Complement your search strategy with document keywords.
Lost information is no use to anybody, and the difference between lost and found is a good collection search strategy. Keywords can play a valuable role in your strategy by giving you insight into a document's topics. Of course, a document's headings, listed in its Table of Contents, provide an outline of its topics. Keywords are different. Derived from the document's full text, they fill in the gaps between the formal, outlined topics and their actual treatments. This hack explains how to find a PDF's keywords using our kw_catcher program.
Finding keywords automatically is a hard problem. To simplify the problem, we are going to make a couple of assumptions. First, the document in question is large?50 pages or longer. Second, the document title is known?i.e., we aren't trying to discover the document's global topic, represented by its title. Rather, we are trying to discover subtopics that emerge throughout the document.
Stopwords are the words that appear most frequently in almost any document, such as the, of, and, to, and so on. Stopwords do not help us identify topics because they are used in all topics. Words that are used with uniform frequency throughout a document are called noise. Stopwords are the best example of noise. For any given document, dozens of other words add to the noise.
We are trying to find a document's signal, which is the set of words that communicate a topic. Automatically separating signal from noise is tricky.
Recall our assumption that the document title, or global topic, is known. This is because a book's global topic tends to come up consistently throughout the document. For example, the word PDF occurs so regularly throughout this book, it looks like noise.
Document word frequency is the number of times a word occurs in a document. By itself, it does not help us because noise words and signal words can occur with any frequency.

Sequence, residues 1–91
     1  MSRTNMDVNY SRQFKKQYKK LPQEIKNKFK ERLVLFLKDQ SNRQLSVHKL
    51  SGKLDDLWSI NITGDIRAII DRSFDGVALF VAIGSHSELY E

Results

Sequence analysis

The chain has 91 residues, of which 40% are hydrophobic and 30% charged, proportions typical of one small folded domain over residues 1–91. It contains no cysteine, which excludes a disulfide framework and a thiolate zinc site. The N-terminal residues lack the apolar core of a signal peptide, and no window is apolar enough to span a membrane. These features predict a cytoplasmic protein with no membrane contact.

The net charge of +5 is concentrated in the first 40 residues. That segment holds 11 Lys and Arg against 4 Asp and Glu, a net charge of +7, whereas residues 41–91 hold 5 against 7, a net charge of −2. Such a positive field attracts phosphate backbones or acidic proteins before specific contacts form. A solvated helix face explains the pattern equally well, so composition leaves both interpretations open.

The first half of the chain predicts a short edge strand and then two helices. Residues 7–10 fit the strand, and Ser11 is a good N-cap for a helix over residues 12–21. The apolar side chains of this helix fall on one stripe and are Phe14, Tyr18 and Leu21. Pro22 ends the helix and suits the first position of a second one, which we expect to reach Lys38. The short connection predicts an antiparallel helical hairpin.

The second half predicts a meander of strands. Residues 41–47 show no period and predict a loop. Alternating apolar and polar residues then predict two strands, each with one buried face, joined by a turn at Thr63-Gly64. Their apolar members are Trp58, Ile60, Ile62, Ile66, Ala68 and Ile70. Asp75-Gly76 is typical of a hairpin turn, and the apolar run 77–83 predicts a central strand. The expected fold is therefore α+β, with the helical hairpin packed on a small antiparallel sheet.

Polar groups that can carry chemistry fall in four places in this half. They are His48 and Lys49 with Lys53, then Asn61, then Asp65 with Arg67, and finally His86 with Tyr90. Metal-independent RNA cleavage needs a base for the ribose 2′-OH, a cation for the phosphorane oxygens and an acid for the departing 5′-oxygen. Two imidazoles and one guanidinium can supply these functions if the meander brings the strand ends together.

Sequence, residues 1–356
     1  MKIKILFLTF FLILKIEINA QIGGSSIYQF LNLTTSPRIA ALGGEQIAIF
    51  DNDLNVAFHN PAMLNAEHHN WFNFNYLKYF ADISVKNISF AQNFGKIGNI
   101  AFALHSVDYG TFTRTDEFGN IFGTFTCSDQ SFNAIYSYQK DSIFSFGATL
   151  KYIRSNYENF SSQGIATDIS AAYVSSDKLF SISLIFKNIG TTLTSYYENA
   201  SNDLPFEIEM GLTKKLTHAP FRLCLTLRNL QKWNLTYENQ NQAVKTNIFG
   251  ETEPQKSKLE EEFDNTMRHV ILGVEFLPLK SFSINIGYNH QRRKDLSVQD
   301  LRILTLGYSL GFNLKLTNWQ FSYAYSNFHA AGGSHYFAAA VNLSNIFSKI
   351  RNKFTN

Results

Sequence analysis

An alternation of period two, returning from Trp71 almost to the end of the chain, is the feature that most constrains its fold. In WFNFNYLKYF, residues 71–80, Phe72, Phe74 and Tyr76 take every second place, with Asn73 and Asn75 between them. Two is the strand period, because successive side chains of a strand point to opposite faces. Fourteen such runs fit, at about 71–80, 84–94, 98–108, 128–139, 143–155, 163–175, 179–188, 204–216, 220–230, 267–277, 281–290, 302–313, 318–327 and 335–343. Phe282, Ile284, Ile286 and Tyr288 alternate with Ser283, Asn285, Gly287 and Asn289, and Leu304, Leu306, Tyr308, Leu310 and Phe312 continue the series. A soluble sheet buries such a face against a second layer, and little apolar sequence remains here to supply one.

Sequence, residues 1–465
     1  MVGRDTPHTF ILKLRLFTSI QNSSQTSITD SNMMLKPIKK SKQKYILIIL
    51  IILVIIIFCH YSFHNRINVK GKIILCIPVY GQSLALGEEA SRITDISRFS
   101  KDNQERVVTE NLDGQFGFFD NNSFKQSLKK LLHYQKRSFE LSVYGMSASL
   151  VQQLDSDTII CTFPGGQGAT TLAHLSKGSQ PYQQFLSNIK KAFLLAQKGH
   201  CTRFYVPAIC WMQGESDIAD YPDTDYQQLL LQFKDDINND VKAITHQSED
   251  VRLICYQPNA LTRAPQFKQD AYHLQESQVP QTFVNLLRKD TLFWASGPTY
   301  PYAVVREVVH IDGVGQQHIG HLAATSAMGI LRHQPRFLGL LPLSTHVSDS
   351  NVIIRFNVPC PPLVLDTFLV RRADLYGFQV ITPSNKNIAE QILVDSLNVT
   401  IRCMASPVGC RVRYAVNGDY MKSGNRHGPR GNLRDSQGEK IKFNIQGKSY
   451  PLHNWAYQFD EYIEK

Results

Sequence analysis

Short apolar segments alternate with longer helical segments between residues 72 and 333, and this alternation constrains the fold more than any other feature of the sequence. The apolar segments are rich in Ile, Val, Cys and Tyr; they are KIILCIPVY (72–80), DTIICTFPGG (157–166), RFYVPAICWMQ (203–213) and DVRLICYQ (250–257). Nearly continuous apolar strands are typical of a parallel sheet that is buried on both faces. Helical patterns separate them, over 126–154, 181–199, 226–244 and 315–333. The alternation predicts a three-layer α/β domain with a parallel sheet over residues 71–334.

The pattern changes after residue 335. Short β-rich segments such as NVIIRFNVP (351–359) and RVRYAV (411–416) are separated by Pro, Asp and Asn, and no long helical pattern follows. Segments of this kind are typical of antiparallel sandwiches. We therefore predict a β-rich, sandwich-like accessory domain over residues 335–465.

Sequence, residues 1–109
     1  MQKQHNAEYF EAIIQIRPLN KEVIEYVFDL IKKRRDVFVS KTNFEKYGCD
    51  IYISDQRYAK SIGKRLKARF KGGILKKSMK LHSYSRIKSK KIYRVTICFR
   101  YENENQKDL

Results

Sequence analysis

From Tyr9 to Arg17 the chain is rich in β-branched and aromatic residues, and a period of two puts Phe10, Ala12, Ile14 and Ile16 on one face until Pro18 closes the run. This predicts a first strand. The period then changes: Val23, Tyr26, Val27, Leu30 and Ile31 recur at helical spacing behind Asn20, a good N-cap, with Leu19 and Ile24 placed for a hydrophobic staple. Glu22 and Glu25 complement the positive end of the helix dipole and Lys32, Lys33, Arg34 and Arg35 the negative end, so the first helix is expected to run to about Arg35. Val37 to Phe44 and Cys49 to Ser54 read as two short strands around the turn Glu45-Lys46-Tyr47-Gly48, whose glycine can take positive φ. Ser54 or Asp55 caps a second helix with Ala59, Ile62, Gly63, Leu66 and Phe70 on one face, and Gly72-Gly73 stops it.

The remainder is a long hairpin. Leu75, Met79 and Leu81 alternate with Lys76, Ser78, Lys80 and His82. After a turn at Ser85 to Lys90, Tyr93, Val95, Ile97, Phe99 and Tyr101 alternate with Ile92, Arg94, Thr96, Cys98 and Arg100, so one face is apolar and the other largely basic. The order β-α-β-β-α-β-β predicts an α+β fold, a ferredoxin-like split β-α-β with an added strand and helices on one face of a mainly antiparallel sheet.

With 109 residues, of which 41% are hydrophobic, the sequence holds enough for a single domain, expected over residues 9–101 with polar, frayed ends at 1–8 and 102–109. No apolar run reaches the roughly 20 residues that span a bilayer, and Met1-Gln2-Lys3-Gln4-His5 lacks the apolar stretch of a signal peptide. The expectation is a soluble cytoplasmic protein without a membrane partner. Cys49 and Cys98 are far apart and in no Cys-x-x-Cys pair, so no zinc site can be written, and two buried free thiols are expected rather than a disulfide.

Instead, we will look at the word frequency in a given window of pages and compare it to the document's global word frequency. For example, frequency occurs ten times in this book, and nine of those occurrences are clustered within these few pages. That certainly distinguishes it from the document's constant noise, so it must be a keyword.
This is the central idea of kw_catcher. The program uses a few other tricks to ensure good keyword selection. kw_catcher is free software.
We must convert a PDF into a plain-text file before we can analyze its text for keywords. The Xpdf project (http://www.foolabs.com/xpdf/) includes the command-line utility pdftotext, which does a good job of converting a PDF document into a plain-text file. Xpdf is free software.
Windows users can download xpdf-3.00-win32.zip from http://www.foolabs.com/xpdf/download.html. Unzip, and copy pdftotext.exe to a folder in your PATH, such as C:\Windows\system32\. Macintosh OS X users can download a pdftotext installer from http://www.carsten-bluem.de/downloads/pdftotext_en/.
Run pdftotext from the command line, like so:
pdftotext input.pdf output.txt
In general, kw_catcher can take any plain-text file that uses the formfeed character (0x0C) to mark the end of each page.
Visit http://www.pdfhacks.com/kw_index/ and download kw_index-1.0.zip. This archive contains Windows executables and C++ source code. Unzip, and move kw_catcher.exe and page_refs.exe to a folder in your PATH, such as C:\Windows\system32\. Or, compile the source to suit your platform.
Run kw_catcher from the command line, like so:
kw_catcher <window size> <report style> <text input filename>
where the arguments are given as follows:
This is the number of sequential pages used to identify peaks in word frequency. If most of a word's occurrences occupy a window of this size, it is a keyword. A large window admits more noise, whereas a small window misses signal. Try starting with a size of 12 and then adjust.
How do you want the data presented?
Yields a basic list of keywords.
Organizes keywords according to the number of times they occur in the document.
Outputs every keyword only once, in the order they first appear in the original text.
Outputs keywords as they appear in the original text. These last two preserve a sense of the keywords' contexts.
This is the filename for the plain-text input. Typically, this input is created with pdftotext.
If all goes well, you'll get results such as those shown in Figure 2-4.
For example, creating a keyword list named mydoc.kw.txt from mydoc.pdf would look something like this:
pdftotext mydoc.pdf mydoc.txt kw_catcher 12 keywords_only mydoc.txt > mydoc.kw.txt
See [Hack #57] for an example of how you can put these keywords to use.